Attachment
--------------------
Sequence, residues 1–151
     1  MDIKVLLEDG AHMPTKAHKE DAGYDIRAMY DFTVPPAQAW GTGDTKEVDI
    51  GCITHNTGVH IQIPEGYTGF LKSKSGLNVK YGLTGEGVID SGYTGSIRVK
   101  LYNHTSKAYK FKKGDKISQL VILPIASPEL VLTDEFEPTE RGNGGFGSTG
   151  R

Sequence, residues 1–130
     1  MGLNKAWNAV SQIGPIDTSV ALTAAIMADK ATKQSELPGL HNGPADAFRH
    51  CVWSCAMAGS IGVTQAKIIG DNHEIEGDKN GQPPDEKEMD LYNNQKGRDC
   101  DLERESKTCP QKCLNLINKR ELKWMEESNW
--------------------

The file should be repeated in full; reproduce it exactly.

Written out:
Sequence, residues 1–151
     1  MDIKVLLEDG AHMPTKAHKE DAGYDIRAMY DFTVPPAQAW GTGDTKEVDI
    51  GCITHNTGVH IQIPEGYTGF LKSKSGLNVK YGLTGEGVID SGYTGSIRVK
   101  LYNHTSKAYK FKKGDKISQL VILPIASPEL VLTDEFEPTE RGNGGFGSTG
   151  R

Sequence, residues 1–130
     1  MGLNKAWNAV SQIGPIDTSV ALTAAIMADK ATKQSELPGL HNGPADAFRH
    51  CVWSCAMAGS IGVTQAKIIG DNHEIEGDKN GQPPDEKEMD LYNNQKGRDC
   101  DLERESKTCP QKCLNLINKR ELKWMEESNW